Friday, June 5, 2020

Living Heritage Podcast Ep175 Weaving with Renee Finlayson

This week, we chat with retired Newfoundland production weaver Renee Finlayson. We talk about her move from Quebec to rural Bonne Bay in the 1970s, her beginning and evolution as a weaver, the types of work she created, and her insights into weaving as a profession.


Living Heritage is about people who are engaged in the heritage and culture sector, from museum
professionals and archivists, to tradition bearers and craftspeople - all those who keep history alive at the
community level. The show is a partnership between HeritageNL and CHMR Radio.
Theme music is Rythme Gitan by Latché Swing.

Monday, June 1, 2020

Bark Tanning

One of the projects I am working in this summer is researching the process of barking or bark tanning. The Dictionary of Newfoundland English describes this as "to immerse a fish-net, sail, etc, in the liquid formed by boiling the bark and buds of a conifer, as a preservative."

People would boil bark, twigs, and branches from local trees in a communal barking pot or barking kettle and use the resulting tea which was rich in tannin to preserve nets, sails, or other canvas goods. The area near where St. John's City Hall is today was once the location of a barking kettle.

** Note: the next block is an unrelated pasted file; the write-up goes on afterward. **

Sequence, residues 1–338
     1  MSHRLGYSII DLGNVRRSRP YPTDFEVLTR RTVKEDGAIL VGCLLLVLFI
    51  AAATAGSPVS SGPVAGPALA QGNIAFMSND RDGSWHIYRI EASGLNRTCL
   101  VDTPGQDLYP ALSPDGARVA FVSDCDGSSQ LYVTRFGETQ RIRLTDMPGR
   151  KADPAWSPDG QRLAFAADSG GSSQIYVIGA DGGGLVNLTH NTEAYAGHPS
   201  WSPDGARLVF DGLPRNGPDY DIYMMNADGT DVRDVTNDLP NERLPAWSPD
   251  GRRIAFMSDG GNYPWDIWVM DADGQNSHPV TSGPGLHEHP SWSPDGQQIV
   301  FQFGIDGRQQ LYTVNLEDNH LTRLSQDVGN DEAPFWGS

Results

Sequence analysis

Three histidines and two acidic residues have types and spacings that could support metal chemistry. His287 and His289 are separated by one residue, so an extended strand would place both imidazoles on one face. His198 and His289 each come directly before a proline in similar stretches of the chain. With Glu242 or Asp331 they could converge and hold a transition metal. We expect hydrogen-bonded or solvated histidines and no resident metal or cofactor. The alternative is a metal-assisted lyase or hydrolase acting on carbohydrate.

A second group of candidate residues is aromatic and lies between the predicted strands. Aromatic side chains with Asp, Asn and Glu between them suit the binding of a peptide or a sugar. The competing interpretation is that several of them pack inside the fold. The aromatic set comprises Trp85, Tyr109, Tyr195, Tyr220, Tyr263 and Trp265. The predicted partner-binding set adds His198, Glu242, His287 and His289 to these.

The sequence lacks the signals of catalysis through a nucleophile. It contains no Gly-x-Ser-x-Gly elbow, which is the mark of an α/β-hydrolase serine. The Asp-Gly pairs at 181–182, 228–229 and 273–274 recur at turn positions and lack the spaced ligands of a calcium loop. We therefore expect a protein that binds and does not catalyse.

It was also used to tan things like seal skin for making boots. There is evidence of the Dorset Paleoeskimo practicing bark tanning of seal skins in Port aux Port, indicating its long history of use in the province. This is a practice which is continued today by some residents on the Northern Peninsula.

Last week, the Craft Council tweeted about the website Handmade In Labrador, a collection of handmade crafts by the Labrador Artisans Co-operative which showcases the traditional craft methods of Southern Labrador. Many of their products use traditional bark tanning to transform cotton duck, a plain, heavy cotton fabric, from white to shades of brown and moss green.

Barked apron with right whale. Labrador Artisan Co-operative via Handmade in Labrador

They include a page with a history of barking in Southern Labrador, and also, wonderfully for my research, an interview with Kathleen O'Brien of West St. Modeste, Labrador on her process of barking cotton duck. Listen to the interview here!


Below is a transcript of the interview.

Interviewer: I am here at Kathleen O’Brien’s, at her house, and she’s going to give me an outline for how to do bark for cotton duck. Go ahead, Kathleen.

Kathleen O'Brien: Go in the forest, first of all, and cut alder trees. You rind the alder, and you put the rind in a container or box for a few days until it turns brown. And the best season for getting your rind is summer or early fall before the sap leaves the rind and goes, you know, because trees go dormant in the fall.

Interviewer: So, would you gather this all one time for all your cossacks or just pick so much at a time?